If you are a contractor, interior designer, event planner or any other service business that does projects you are going to want to make sure that you are not spending more on the job then you are making.

If you are a QuickBooks user you can pull your profit and loss report and it will tell you whether or not your business is making a profit. According to that report your company very well may be making a profit but how much more profit could you make if you kept a close eye on how much you are charging for a job vs how much you are spending on the job?

Keeping track of job costs does not have to be complicated. All you really need are the receipts, the estimate and a calculator.

Figuring Job Costs-Old School

  1. Create a file folder for each customer and put a copy of the estimate in the folder
  2. When you purchase something for that project put the receipt in that folder
  3. Once the job is completed, add all of the receipts together
  4. Pull the estimate out of the file folder
  5. Subtract the total of the receipts from the Estimate
  6. That will be the total profit

Figuring Job Costs-Excel

  1. Keep each customers receipts separate from others
  2. Create a spreadsheet with customer name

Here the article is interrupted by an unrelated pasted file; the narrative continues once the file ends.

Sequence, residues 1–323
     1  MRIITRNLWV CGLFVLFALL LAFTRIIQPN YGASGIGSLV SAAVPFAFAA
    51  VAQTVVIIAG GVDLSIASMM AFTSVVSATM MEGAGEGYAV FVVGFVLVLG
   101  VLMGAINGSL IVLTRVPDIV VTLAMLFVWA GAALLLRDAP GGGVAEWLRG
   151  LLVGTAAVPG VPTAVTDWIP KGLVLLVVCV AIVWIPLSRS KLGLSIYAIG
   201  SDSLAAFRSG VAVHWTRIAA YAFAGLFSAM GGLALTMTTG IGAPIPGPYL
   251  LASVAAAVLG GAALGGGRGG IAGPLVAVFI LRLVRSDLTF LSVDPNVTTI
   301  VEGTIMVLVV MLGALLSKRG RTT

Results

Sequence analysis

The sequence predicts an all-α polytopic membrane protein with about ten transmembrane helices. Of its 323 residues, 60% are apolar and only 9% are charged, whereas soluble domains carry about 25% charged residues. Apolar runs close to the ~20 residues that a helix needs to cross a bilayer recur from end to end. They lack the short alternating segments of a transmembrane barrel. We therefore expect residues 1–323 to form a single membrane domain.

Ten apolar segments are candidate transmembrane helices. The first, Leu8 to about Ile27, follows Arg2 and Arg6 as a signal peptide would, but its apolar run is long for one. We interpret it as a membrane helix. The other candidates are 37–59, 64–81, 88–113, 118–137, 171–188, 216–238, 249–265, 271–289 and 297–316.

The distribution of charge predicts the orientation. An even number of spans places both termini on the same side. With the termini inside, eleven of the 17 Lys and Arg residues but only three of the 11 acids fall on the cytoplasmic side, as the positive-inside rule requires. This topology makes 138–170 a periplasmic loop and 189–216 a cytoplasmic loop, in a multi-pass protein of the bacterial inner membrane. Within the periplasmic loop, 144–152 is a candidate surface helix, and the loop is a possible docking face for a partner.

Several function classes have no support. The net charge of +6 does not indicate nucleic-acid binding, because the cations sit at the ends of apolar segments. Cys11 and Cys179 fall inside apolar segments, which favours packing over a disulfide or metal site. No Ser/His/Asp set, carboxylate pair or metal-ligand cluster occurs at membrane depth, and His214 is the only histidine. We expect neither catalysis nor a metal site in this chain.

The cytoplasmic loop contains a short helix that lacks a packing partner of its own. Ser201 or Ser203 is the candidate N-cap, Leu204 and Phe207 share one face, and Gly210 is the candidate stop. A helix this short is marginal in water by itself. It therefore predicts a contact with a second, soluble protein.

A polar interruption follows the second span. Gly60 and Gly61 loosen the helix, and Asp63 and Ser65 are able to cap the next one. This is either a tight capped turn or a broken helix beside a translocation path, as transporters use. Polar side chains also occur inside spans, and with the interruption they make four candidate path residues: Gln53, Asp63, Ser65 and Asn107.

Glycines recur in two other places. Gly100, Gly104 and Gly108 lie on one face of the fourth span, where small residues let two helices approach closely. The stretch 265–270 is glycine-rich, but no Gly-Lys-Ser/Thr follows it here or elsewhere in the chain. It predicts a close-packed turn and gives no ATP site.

3. Add the estimate to the next cell under the name
  4. In the next column start inputting the sales receipt totals (new receipt per cell)
  5. After the last receipt is entered in the next empty cell use the addition formula
  6. In the next open cell use the subtraction formula in Excel
  7. The total after the subtraction is the total profit you made on that job

*Now you could also take and use QuickBooks to keep track of job costs and while it is more complicated to set up getting the results is easier. If you want to know how to set up job costs within QuickBooks send me a quick email and I will see what I can do to help you.

So how does knowing this really help you, you ask….Simple if you notice that you are losing money on jobs you can use this information to go back and figure out where that money is going. Maybe a subcontractor is more expensive than you thought, maybe the price for that piece of equipment was higher than you thought, maybe the job is taking longer than it should. No matter the reason keeping tables on job costs will help you figure it out.

Now if you notice that you are losing money on a couple of jobs, don’t panic because that is going to happen because you might have a difficult client that kept “sabotaging” your attempts to do the project or you might have found this one piece of décor or equipment that you just had to have for that particular job, that’s going to happen but if you are losing money on a lot of a jobs, that is not sustainable and you will be filing for  bankruptcy soon.

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